My stepfather came over today to tell us that he was planning to end his life. “I’m not going to live very long,” he began.
He’s told me this several times. It could even be true, for all I know. He smoked for many years and now has COPD and pulmonary fibrosis. So I asked what his wishes were: cremation or burial, and what does he want us to do with his belongings.
“I’m going to choose termination,” he said. The guys he talks to at the coffee shop, he said, had told him that he can just look up “termination” in the phone book. Many of them are doctors, he says. He also said that hospice would provide this service for him.
I know that doctor-assisted suicide is not legal in this state. I don’t have a phone book, but I’m pretty confident that you can’t look up “termination” and find people who will kill you. I Googled the issue and confirmed that what he had in mind is not legal.
He said that the doctors at the coffee shop told him otherwise. He could go “anywhere,” he said, and later accepted my suggestion of, “Like, to a hospital?” “And you just pay them,” I started, but he interrupted to say that he wouldn’t pay them.
I suggested assisted living again, but he’s adamantly against that. He doesn’t even like to go to the senior center for lunch, he said, because the people there are old. He is not old, he says, because he has a young attitude. And, following the orders of the social worker who called me last week, I told him again that he shouldn’t be driving. He told me that his coffee shop buddies told him to ignore the doctors on that point. “You have better coordination than she does!” he reported them as saying.
I will be telling his doctor about these things when I take him to his appointment next week. I think he is going to have to go into a home, whether he wants to or not. I was shocked when my mother put her mother into a home against her will, but I clearly can’t take care of my stepfather and maybe the same was true for my mother. I am not related to this particular old person, and he is, as the social worker delicately put it, “cognitively impaired.”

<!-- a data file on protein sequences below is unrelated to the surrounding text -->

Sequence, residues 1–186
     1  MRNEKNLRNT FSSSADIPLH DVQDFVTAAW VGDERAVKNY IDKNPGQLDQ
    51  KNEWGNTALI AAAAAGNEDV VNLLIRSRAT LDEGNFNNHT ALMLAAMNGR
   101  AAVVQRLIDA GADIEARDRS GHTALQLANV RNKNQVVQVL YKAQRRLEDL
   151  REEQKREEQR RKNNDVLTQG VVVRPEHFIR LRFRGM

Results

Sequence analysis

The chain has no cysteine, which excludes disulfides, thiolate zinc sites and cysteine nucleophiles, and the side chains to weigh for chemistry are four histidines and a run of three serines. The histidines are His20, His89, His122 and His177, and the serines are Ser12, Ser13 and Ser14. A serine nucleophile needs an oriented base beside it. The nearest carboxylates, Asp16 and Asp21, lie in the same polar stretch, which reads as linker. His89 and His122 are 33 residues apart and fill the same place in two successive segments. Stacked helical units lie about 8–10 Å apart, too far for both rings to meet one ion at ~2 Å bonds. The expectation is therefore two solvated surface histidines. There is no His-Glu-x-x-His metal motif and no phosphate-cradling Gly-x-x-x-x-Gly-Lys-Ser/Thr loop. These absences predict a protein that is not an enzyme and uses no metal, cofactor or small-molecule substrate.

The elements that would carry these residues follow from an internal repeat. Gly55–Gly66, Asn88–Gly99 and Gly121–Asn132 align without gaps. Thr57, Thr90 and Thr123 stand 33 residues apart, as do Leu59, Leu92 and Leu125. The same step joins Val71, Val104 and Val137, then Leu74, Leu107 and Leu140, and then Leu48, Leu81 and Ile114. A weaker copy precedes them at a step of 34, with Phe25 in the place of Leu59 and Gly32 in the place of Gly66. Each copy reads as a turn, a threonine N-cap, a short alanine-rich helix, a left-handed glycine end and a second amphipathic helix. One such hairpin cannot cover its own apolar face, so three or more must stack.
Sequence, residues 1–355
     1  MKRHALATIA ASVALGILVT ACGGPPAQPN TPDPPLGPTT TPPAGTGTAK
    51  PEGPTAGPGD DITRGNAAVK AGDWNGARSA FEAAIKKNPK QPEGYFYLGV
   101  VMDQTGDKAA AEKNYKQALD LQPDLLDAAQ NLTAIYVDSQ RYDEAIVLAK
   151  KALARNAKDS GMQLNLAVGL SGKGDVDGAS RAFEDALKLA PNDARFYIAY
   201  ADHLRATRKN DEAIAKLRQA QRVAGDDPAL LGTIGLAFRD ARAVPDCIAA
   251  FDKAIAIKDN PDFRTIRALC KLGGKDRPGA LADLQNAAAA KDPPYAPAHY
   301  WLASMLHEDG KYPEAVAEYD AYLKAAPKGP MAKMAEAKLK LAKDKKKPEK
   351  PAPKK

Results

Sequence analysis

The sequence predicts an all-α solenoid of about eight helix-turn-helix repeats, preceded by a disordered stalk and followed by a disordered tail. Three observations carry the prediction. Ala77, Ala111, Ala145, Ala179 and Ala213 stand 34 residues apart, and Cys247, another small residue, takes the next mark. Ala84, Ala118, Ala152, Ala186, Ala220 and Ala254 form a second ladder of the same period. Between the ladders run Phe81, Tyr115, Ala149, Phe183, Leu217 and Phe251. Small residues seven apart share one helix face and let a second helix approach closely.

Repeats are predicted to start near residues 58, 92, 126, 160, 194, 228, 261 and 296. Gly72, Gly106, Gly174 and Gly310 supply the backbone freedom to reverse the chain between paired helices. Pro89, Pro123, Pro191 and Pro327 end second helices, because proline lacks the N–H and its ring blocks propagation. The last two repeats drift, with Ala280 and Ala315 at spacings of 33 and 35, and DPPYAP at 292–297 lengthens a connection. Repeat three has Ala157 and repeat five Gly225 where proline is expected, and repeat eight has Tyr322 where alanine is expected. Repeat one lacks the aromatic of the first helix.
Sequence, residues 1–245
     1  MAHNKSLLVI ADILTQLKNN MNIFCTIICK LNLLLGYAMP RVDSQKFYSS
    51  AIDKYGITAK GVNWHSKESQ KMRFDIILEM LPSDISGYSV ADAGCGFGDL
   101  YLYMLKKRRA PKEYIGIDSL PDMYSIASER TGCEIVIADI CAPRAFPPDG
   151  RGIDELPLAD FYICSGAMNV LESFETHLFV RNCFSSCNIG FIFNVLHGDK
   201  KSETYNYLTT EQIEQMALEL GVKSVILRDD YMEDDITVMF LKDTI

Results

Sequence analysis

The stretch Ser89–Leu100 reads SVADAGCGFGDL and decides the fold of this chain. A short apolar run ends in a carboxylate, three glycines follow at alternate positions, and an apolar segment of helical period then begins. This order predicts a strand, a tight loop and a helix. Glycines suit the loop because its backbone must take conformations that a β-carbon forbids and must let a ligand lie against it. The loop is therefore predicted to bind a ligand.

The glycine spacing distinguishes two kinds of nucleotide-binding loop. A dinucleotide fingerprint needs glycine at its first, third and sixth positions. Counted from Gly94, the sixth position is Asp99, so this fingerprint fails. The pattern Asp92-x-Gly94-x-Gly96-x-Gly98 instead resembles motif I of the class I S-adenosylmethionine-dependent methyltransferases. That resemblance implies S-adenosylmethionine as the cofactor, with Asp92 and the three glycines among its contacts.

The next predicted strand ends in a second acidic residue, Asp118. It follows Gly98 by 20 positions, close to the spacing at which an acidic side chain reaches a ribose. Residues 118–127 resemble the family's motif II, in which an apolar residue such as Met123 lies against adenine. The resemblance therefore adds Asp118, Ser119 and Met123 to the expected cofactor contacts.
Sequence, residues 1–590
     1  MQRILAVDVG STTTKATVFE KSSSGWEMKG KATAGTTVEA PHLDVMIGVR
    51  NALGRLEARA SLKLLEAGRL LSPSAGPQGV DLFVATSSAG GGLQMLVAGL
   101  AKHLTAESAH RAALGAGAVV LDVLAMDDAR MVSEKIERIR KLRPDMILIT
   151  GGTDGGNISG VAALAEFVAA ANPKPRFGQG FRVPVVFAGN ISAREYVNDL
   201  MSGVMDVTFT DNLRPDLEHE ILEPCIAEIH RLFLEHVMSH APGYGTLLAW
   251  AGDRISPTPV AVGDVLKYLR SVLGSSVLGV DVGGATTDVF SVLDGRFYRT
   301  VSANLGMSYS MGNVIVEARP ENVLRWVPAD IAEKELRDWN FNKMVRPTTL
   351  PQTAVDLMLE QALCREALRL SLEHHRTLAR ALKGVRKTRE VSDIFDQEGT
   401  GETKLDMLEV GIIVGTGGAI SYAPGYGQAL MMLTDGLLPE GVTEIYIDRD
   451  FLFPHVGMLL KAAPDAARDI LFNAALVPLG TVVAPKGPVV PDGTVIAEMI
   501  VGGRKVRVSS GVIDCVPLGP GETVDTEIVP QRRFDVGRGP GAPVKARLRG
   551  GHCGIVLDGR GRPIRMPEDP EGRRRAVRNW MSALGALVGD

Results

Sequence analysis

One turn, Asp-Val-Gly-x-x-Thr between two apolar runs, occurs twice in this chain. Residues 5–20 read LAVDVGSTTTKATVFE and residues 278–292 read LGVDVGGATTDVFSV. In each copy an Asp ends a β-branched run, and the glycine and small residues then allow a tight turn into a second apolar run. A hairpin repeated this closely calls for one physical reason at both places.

By comparison, my husband has been reasonableness itself. He did say, after my stepfather left, that he was worried he’d end up like that. We have no grandchildren and our kids live far away, he pointed out.
My stepfather has earned his isolation. I don’t think my husband is likely to find himself in that situation. But he’s not sure what he’s going to do about a job or training. He has talked about taking all the money from his 401k and going to a casino with it, and he has also talked about spending a few months sitting on the sofa watching TV. But when I was laid off from my job, I made a probability tree which included, “Dying in a gutter,” so I know that sometimes people get dramatic when dramatic things happen.
I didn’t think about taking time off, but I didn’t get severance pay, and also was very stressed by the idea of being out of a job. I also cried. I don’t think my husband has cried.
We went to the farmers market before my stepfather’s bizarre visit and found nectarines, peaches, squash, long beans, onions, cucumbers, and tomatoes. After the bizarre visit I sewed up a Sunshine Top for the 2015 SWAP.
I’m trying to be supportive and helpful for both these guys, because I know that the transitions they’re going through are difficult — more difficult for them than for me. But I also know that going through their transitions with them is very stressful for me. We’ve just had too many major changes in the family this year already.